New research suggests the fat loss benefits of calisthens are not limited to fat loss.
The University of Melbourne’s research team has found that a calisthing process has the potential to be a good alternative to dieting.
In their latest study published in The American Journal of Clinical Nutrition, researchers found that subjects who received calisthanes reported less appetite, decreased blood sugar and reduced body fat in comparison to those who received a standard diet.
“We found that the combination of calismhenics and low calorie intake led to weight loss and reduced levels of metabolic risk factors in overweight women,” lead researcher Dr Julia Cottrell told AAP.
“The findings support the idea that calisthes can be used to help reduce weight loss in overweight and obese women.”
Dr Cottrel said the findings supported the idea of using calisthanics to help people lose weight.
“This study has identified a potential therapeutic mechanism of using a dietary intervention to reduce metabolic risk markers in overweight or obese women,” she said.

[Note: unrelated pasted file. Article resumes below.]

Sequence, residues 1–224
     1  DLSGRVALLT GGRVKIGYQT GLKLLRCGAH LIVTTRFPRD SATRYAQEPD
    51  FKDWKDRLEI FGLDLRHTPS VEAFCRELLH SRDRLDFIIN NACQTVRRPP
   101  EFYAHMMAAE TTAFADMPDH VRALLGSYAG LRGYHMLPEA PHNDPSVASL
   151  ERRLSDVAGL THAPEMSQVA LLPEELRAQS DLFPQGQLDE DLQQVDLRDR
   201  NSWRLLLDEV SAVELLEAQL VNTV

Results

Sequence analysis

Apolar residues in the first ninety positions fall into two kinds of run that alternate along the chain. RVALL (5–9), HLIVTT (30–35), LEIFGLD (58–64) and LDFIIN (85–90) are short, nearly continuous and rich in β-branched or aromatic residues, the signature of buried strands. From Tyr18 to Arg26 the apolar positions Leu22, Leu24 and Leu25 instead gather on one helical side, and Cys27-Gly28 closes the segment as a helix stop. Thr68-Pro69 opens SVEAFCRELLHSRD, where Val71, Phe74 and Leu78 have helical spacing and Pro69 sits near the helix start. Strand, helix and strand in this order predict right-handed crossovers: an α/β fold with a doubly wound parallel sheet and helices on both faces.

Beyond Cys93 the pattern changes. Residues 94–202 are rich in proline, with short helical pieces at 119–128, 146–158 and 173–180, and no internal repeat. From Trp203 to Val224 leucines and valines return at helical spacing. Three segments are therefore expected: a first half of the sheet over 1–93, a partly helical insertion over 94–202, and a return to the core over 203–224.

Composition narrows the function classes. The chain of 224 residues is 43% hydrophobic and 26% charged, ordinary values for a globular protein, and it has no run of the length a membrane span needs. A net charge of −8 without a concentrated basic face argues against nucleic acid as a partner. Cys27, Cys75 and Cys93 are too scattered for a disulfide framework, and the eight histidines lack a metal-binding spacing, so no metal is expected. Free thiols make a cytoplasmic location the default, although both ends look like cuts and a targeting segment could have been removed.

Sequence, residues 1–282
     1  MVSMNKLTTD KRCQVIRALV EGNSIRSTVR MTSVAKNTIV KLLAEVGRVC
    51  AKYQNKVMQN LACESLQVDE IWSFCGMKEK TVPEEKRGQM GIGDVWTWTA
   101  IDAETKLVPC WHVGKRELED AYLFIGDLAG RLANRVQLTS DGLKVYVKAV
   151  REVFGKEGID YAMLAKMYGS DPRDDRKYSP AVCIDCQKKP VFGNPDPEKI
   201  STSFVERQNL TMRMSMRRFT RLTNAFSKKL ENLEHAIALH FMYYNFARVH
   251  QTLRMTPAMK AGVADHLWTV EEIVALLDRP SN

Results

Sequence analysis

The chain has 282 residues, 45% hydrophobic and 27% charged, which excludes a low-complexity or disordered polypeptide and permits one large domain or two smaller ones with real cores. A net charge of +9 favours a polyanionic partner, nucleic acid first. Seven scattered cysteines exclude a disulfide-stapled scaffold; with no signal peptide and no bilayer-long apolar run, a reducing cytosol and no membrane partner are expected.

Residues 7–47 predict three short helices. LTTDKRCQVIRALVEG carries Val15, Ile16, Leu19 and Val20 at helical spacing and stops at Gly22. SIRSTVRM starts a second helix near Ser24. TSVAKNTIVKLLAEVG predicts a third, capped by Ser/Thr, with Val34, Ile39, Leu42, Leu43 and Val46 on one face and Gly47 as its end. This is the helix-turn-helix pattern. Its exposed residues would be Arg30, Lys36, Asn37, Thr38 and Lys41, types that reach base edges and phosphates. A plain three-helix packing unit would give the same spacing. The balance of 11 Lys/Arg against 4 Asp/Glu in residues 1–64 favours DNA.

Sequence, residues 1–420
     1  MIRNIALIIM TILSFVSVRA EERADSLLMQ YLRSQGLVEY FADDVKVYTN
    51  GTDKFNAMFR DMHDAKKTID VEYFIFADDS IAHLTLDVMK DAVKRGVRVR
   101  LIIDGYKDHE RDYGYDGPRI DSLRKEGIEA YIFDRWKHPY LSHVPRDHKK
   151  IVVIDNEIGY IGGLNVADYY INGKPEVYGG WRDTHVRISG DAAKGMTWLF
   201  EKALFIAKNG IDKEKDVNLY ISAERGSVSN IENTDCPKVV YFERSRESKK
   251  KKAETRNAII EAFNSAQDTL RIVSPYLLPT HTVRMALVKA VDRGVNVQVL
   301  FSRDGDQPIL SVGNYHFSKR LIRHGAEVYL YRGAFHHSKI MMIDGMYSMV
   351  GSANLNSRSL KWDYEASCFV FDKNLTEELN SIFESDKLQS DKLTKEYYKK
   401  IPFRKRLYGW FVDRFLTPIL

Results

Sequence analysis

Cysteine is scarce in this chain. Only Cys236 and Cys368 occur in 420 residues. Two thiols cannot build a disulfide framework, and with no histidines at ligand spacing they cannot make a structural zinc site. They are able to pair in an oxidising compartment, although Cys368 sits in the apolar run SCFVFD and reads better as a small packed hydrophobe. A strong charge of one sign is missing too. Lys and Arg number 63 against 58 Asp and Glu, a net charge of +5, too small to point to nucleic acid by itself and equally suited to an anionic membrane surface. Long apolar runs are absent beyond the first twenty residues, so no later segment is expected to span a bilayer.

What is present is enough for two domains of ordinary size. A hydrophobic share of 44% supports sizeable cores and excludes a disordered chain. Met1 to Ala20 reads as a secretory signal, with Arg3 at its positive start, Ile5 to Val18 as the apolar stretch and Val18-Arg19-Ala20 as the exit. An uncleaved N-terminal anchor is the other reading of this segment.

“It may therefore be of value for weight loss programmes that are targeting overweight and/or obese women, as well as those with existing metabolic risk.”
Dr Julia Cettrell, who is the first author of the study, said calisthemes could be used for weight management.
“Calisthenes can help people achieve a weight loss plateau and improve their lipid profile,” she told AAP from Melbourne.
“Achieving a plateau requires a steady, sustained diet that includes foods high in fat and calories and these foods may not be available at all times.”
The study also found that calismhens led to a decrease in body fat mass and reduced insulin resistance in overweight subjects.
“While the results suggest that calistichenics can be effective as a dietary fat loss strategy, the benefits of using them as a tool to promote fat loss are not yet well established,” Dr Cottruff said.
The study was conducted between April and October 2017.